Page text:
Sigh

Listening to the recording made of this past band rehearsal, I am frustrated by what sounds like my lack of capability to produce anything remotely close to correct intonation Saturday morning. Sometimes I wish that my instrument was fretted or keyed so that the sound I produce would be more or less exactly the same every time, assuming the overall tuning is correct, as there are fewer things that can go wrong. One of the things I like about the cello is the ability to push a note up or down to lean on accidentals, but the price for this bonus is having no set reference where your fingers have to go to produce a precise sound, which in turn is affected by so many tiny factors that it’s a wonder I ever end up within an eighth of my desired note. Vagaries such as tiny muscle motion, balance, fractional differences in how the instrument is set up each time, length of the endpin, temperature affecting fingers, strings, and instrument structure are often the culprits, but one can’t blame everything on the co-operation of multitude of tiny factors like this. The human element renders machine-like precision impossible, however, and I don’t think machine-like precision makes for very good music anyway. I’d just like my human element to be a bit more on, and a bit less like human error.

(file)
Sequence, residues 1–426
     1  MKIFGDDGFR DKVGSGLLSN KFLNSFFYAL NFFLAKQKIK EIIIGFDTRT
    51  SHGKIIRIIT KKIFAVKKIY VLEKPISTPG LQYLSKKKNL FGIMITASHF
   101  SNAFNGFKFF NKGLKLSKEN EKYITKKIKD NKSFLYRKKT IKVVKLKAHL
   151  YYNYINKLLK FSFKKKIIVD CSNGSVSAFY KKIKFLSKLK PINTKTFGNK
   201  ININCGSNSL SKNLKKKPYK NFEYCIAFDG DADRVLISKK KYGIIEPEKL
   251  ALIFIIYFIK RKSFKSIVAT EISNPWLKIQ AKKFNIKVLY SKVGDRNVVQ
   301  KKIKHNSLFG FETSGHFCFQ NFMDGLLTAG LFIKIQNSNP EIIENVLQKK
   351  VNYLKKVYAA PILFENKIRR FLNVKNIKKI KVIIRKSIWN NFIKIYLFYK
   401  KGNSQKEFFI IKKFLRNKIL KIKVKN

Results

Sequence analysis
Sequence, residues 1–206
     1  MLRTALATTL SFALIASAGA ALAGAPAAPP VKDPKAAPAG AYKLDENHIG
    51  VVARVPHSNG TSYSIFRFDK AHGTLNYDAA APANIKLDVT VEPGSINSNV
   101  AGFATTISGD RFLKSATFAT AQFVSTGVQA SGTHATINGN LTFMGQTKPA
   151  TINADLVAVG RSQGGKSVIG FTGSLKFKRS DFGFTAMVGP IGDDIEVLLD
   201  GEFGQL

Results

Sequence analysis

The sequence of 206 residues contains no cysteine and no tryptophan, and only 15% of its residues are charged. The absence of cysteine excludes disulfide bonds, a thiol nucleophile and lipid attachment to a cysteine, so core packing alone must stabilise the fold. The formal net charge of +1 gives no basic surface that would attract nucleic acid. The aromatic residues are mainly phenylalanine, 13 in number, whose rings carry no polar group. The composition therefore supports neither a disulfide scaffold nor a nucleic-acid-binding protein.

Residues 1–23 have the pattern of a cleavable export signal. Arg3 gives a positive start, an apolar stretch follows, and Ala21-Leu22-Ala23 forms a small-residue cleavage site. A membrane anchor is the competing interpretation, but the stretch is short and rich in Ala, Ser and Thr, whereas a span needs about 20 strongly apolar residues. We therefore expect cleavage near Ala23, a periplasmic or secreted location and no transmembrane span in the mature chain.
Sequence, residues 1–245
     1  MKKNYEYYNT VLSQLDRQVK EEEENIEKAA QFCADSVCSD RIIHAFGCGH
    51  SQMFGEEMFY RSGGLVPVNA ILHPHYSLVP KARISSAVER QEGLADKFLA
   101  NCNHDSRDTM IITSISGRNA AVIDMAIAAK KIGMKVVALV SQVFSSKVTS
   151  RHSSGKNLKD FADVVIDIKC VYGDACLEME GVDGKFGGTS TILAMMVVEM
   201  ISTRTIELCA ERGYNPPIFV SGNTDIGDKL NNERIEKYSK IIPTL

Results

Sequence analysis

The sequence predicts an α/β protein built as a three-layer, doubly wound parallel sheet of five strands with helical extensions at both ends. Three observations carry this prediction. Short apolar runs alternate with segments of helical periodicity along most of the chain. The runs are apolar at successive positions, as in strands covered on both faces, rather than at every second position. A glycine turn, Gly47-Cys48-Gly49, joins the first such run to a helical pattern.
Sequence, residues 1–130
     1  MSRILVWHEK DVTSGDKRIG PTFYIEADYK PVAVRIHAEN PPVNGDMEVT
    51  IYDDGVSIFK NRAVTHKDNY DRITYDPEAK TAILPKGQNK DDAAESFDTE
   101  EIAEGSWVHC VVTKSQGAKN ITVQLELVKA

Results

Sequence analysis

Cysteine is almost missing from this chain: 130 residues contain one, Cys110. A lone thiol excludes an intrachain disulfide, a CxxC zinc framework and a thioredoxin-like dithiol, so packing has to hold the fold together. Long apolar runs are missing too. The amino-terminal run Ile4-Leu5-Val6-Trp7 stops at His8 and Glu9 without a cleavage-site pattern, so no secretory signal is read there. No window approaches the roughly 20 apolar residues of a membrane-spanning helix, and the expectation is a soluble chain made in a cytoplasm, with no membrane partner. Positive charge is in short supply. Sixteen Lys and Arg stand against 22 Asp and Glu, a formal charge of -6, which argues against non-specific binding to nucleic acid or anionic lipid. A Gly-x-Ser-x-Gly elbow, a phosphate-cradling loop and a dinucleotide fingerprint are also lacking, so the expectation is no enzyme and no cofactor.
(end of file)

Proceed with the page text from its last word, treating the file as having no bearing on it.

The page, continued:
I have to find some way to get a feed out from my amp or pickup into a set of headphones for my ear. When everyone is playing I can’t clearly hear what I’m doing, and so I can’t adjust the intonation accordingly.

On the other hand, I deliberately didn’t set up my music stand for reference except for one song, and then to be used for only one part of that song, so I’m pleased about that. I haven’t been reading music for a while, but if the stand is up I glance at it automatically which distracts me from what I’m doing. The stand is a crutch, and I’m glad I’m past that.

And quite apart from the finicky details about my dissatisfaction with my performance, the recordings sound wonderful. If I step past listening to my mistakes, the overall effect is really, really good. The problem is that these recordings are a learning tool so that we can hear those mistakes and make a note to fix them, and I have to hear the mistakes before I can relax enough to hear the song as a whole, as the audience would.

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